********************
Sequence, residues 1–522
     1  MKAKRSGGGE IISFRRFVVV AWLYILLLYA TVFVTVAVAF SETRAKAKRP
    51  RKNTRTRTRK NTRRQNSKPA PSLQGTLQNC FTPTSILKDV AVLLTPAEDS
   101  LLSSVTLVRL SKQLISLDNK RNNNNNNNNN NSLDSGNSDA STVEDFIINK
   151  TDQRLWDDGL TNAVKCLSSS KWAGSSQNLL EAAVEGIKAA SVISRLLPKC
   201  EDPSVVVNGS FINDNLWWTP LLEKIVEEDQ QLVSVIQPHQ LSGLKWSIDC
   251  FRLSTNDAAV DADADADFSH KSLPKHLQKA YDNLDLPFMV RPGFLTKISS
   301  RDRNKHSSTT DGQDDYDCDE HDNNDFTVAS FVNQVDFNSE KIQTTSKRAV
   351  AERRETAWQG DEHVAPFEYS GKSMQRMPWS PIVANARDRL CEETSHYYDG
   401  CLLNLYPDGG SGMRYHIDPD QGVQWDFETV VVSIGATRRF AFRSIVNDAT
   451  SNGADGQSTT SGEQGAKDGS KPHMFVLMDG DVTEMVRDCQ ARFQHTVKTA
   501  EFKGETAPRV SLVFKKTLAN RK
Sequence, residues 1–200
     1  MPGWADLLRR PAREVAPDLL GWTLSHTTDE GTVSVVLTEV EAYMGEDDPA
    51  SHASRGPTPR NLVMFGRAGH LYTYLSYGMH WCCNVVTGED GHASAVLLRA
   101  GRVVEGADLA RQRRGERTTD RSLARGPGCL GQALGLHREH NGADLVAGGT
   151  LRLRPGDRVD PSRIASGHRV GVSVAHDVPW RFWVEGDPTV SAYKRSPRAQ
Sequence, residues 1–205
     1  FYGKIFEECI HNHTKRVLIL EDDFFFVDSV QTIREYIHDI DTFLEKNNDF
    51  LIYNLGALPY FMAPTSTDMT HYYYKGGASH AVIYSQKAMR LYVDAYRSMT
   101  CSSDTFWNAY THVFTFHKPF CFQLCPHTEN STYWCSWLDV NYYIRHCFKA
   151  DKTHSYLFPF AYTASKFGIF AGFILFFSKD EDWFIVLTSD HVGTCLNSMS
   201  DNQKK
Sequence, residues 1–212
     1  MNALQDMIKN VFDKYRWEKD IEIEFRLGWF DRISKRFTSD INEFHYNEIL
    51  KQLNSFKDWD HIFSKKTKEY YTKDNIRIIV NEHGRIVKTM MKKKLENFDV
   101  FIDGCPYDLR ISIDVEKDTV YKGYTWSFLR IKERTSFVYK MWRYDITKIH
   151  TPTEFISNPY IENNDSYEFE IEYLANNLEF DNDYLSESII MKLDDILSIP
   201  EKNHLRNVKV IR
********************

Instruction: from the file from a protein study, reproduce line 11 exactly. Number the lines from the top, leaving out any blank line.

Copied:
   451  SNGADGQSTT SGEQGAKDGS KPHMFVLMDG DVTEMVRDCQ ARFQHTVKTA